(In a downtown sidewalk. Dude gets around.)

Thursday, 24 September 2015

3 Things I Need To Stop Doing

Tibetan - Phurbu-cum-chopper - Walters 511448 - View A
Decrying the forms of others. (Inwardly, I mean; at least I don't do that market preacher thing, where you call down others aloud, as if that's going to advance anyone's programme.) Sadly, some don't share my life experience; they cling to forms I find fatuous and unproductive. If only they were as insightful as I, they'd stand a chance of being as enlightened as… (wait; where was I going with this?)

Exactly. I hold my practice to a high standard; I crop out stuff that sets me back, and embrace stuff that works. But there's this annoying corollary: others realise similar progress doing things I've thrown off, or never fell for in the first place. The fact that these forms make no sense to me is immaterial. Zen is a results-based religion.

But critiquing others provides that power rush we monkeys crave. It's heroin we distil from the opium of ego.

Confusing form with practice. When I sit for a long time, I feel like a good monk. If the session is unsettled, or short, or I don't maintain a schedule, I begin to feel like a sham. To some extent, this is useful; it keeps me on the path. But the fact is, enlightenment is non-attachment. And playing look-how-Zen-I-am is attachment to approval, if only your own. Throw in onlookers, and you multiply the delusion exponentially.

Zen is about acceptance. Sometimes you can't sit as well, or as often, as you'd like. Others you can, but you don't. But sitting is just a form. Practice is looking deeply, understanding cause and effect, adjusting what can be adjusted, and letting the rest go.

I can only do what's humanly possible, whether that's limited by outside obstacles or my own shortcomings.

Confusing religious conviction with political or social values. Like everyone, I selected my religious path largely because it complemented my existing beliefs. Zen practice has helped me grind off some sharp corners, but my principles are essentially the same ones I was born and raised with.

Fact is, morality is human and individual; religion can influence it, but is powerless to establish it, even in the ostensibly devout. It's too easy to mine scripture for self-justification, or sign your liability away to some charismatic leader who will, you implicitly believe, take the karma hit if her teaching turns out to be unskilful. (She won't. It's like your tax return: you can't sign away liability.)

Yet I tend to view those who cause suffering while espousing some other religion or theory as benighted; if only they possessed the Awesome Buddhist Truth, like me.

So what am I to do about Asia? Buddhism's been going on there for 2500 years. In many Asian countries it is, or was historically, the dominant faith; it packs at least swing-vote sway in virtually all of them to this day. So nirvana on earth must have been established somewhere in Asia by now.

Go on, Google it. I'll wait.

Right understanding means distinguishing between virtue and religion. Zen doesn't recognise any secret Masonic handshake that gets us out of dutch at the hour of our death. You either practice, or you don't. What you choose to call yourself while doing so is immaterial.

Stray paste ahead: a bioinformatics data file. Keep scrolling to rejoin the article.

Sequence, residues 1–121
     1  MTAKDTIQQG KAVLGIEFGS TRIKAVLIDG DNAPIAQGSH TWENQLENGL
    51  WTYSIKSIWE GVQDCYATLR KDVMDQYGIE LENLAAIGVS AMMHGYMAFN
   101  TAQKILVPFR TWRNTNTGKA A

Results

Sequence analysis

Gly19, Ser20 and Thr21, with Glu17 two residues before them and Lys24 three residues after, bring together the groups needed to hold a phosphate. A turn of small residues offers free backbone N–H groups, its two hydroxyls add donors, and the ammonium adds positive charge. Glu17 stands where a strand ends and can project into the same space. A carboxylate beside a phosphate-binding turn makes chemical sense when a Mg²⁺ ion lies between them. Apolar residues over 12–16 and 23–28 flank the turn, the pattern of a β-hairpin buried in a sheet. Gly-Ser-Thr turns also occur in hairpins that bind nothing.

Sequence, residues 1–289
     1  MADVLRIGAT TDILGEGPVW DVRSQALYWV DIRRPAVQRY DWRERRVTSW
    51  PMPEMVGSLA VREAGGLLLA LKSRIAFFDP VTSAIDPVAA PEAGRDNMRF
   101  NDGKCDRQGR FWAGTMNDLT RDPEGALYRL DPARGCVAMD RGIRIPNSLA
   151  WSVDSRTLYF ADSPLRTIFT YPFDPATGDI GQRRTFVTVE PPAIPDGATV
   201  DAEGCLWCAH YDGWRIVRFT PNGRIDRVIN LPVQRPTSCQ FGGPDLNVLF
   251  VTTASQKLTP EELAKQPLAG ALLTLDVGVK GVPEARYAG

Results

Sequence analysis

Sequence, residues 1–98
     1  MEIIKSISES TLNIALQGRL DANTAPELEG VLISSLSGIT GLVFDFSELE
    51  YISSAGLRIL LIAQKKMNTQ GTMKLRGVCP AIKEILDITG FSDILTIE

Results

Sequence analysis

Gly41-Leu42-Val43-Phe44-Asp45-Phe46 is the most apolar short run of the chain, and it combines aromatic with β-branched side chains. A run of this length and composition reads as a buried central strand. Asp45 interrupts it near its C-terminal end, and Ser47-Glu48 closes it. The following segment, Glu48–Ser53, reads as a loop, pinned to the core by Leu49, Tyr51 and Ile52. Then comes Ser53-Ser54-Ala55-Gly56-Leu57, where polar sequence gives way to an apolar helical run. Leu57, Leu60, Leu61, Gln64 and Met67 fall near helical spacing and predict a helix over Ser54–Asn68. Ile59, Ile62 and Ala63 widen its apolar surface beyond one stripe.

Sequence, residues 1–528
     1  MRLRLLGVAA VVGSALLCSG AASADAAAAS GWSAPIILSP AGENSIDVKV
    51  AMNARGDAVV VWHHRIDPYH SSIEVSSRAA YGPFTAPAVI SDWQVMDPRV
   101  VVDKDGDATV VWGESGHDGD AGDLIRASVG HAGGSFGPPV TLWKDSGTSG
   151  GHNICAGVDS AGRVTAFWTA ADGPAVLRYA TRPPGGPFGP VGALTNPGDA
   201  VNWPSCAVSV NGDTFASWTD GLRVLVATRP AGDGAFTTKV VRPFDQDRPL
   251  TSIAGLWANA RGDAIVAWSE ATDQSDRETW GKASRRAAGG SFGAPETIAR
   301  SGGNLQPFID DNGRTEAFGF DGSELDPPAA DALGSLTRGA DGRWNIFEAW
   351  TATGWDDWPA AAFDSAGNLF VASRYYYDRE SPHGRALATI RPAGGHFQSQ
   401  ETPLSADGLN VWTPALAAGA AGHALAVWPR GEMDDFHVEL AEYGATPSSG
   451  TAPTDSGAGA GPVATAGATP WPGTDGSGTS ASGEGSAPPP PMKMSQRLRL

Thus the world is full of satanic Buddhists and angelic nonbelievers. When everything goes to hell, I'd rather answer to a Dietrich Bonhoeffer than a Saw Maung.

This is the irony all seekers must meditate upon and transform into insight.

(Photo of Tibetan delusion chopper courtesy of Wikimedia Commons and Walters Art Museum.)

Wednesday, 23 September 2015

WW: Largest and oldest chestnut in the US

(The plaque below lays out the basics of the story. This American chestnut [Castanea dentata] is thought to be the largest, and possibly the oldest, left on the continent, after an introduced blight killed off virtually all of the once-ubiquitous trees. Because they're not native to the North Coast, this one had no peers to communicate the fungus. Today it's the centrepiece of a cemetery in Tumwater, Washington.)

Thursday, 17 September 2015

The Buddha's Practice

"In the morning, I take my bowl and robe and go into the village to beg for food.

"After my meal, I go into the woods, and gather some grass and leaves to sit on. I sit with legs crossed and a straight back and arouse mindfulness.

"Then, far from sense pleasures and bad states of mind, I do jhana."
The Buddha, according to the Anguttara Nikaya 3.63 (1).

Wednesday, 16 September 2015

WW: Sorb jelly

(Just the thing on bannocks, hermit bread, and scones.)

Thursday, 10 September 2015

Hermitcraft: Champagne Plums

Here's a quick hint from Rob's Hermit Kitchen:

The plums have ripened here in the Northern Hemisphere, and those with trees are being inundated by their annual surfeit of sweet, juicy fruit. Plums (also called prunes or damsons) are relatively labour-intensive to preserve, and other treatments are either specialty projects (wine) or not especially compelling compared to other options (jam).

But here's something you can do with them that's delicious and easy:

  1. Place a number of fresh, unwashed plums (any kind) in a non-reactive bowl.
  2. Mix up a slip of flour and water, about as thick as pancake batter, and pour it over them. 
  3. Cover the bowl and leave it to work for a day or two.
  4. When the batter is bubbling merrily, remove the plums with a slotted spoon and rinse them clean.
  5. Eat.
Why are they now so succulent, and slightly tingly(!)? And what's up with that batter?

Well, to begin with, the powdery white "bloom" you see on dark plums is yeast. (Yellow varieties have it too, it's just not as visible.) So when you immerse the fresh fruit in flour-based batter – a nutritional Prunes Viktualienmarkt Munichmedium – the yeast goes nuts and multiplies like crazy.